Doin’ the blog hippity hop…

I have been tagged in a blog hop  by my dear friend, Emily Paull.  Em is a member of my writing group and I’m very privileged; I’ve had the honour of reading her work-in-progess, Between the Sleepers. I think it will be in good bookstores in 2-5 years.

Here goes:

1) What am I working on now?

I’ve put my novel on ice until next year, and I’m just aiming to write a couple of short stories in 2014.

So, right now, I’m writing a speculative fiction piece about Zephyr McBride, a young man who bands together with a group of survivors who were neglected and abused by their parents in the nineties and noughties. Together, they launch a class action suit against the government. They believe that they should have been removed from their dysfunctional families and provided with loving homes.

I guess I’m interested in this topical quandary, one that is so much informed by anxieties about the Stolen Generation. It’s such a grey area, but sometimes I look at friends with fertility issues who would do anything to adopt a child,  a child of any description- even one who is disabled or utterly broken as a result of their maltreatment. In my line of work, I meet kids like this all too often, and when I do, I think of these friends in want of a child, and I’m reminded of Plato’s Symposium. I imagine his four-legged being as an amalgamation of parent and soul-child, rather than as amatory soul mates, and I wonder if certain adults and children should be brought together…

I’m not saying that kids should be yanked away from their kin- children should always stay with their families where possible- but I’m very interested in exploring the complexities of the matter in fiction.

2) How does my work differ from others in its genre?

Dunno. I suppose I do a lot of genre-jumping, so maybe it’s different in that sense. As with all fiction, my particular voice and life experience makes it different.

3) Why do I write what I do?

Again, I don’t really know. Ideas come from the ether; usually as a result of thoughts that have been percolating for some time. I’ve noticed that I tend to write stories that explore things that I’m confused or ambivalent about.

4) What is my writing process?

My writing process has changed dramatically over the last couple of years. I used to write for 2-3 hours per day, Mon-Friday, while my youngest son slept. That was back when I was a stay-at-home mum. Now that I’ve returned to the paid workforce, I generally write on Saturday and Sunday mornings when the kids are still asleep. Sometimes I get up as early as 4am.

Obviously, my output has much diminished; I wrote the first draft of my novel in the year that I wasn’t working and this year, I’ve written a couple of short stories. Short fiction comes more naturally to me though; I find that I can belt out the bulk of the story in a two hour session, then spend the next couple of weeks/months polishing.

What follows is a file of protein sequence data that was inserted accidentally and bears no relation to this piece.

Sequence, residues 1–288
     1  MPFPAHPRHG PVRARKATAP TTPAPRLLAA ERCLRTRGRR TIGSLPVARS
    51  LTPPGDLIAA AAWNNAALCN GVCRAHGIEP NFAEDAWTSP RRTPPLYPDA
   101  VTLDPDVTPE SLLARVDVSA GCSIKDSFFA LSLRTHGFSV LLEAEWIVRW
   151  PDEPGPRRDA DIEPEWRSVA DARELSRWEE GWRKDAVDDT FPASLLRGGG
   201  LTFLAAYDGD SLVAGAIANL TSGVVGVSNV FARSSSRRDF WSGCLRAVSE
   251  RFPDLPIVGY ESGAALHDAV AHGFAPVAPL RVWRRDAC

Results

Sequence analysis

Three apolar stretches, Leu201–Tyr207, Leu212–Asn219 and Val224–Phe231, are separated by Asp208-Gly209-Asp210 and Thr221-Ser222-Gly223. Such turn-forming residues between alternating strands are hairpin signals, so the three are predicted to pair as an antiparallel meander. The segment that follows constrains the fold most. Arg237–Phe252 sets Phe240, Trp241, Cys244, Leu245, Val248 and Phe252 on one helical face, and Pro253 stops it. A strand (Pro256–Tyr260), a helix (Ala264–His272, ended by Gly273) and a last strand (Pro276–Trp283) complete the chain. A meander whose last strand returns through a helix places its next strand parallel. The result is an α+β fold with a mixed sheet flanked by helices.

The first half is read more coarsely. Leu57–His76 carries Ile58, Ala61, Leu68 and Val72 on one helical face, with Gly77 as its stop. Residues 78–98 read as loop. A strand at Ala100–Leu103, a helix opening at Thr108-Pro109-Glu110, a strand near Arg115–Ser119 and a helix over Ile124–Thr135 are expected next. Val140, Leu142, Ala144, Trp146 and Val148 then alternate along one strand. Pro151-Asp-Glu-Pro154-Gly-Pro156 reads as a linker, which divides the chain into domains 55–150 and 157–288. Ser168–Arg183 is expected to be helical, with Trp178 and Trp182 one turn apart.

When I’m busy teaching and mothering, I type new ideas or sentences/phrases into the notepad in my iPhone and then email the notes to myself. This way, I’m never in want of a new idea for a story.

Here’s where the ‘magic’ happens…


I have been asked to tag people at the end of this post, and I have selected:

Annabel Smith

Dawn Barker

Claire Madeleine

Ladies, if you have the time, I’d love to read your responses!


Also, if you feel like smiling, say ‘blog hop’ out loud. It’s wonderful on the tongue and strengthens the funny bone…


My entre to literary land is going to be a slow burn: I think I established this in my recent (ish) post, ‘Silly Seasoned’, where I outlined my Mission Statement for 2014. I call it my post of ‘wise martyrdom’. Because you’ve got to lower your writing expectations when you’re raising small kids and working in a demanding job. Clearly, I have lowered my expectations…I haven’t blogged in more than a month. But I‘ve been dutifully researching; examining the human condition day in and out. There’s a lot to be learnt from interactions in the microcosm that is a school.

I’m lucky though, I’ve found a beautiful community of diligent, passionate writer birds, and I’m cruising on their wings. I met Emily , Louise  and Glen last year when we started a Writing Crit group. Without them, I’d probably be in free fall, hurtling towards a prose-less land. We are a cheer squad, and I have no doubt that I’ll be cheering these friends at their book launches soon enough. I’ve read enough of their work to know that they are the real deal. I feel very blessed.

The Gang of Four are heading off on a road trip in May. We’re going to the Margaret River Readers and Writers Festival for a heavenly weekend of books and wine.  And we’re staying in a converted train carriage. What an adventure!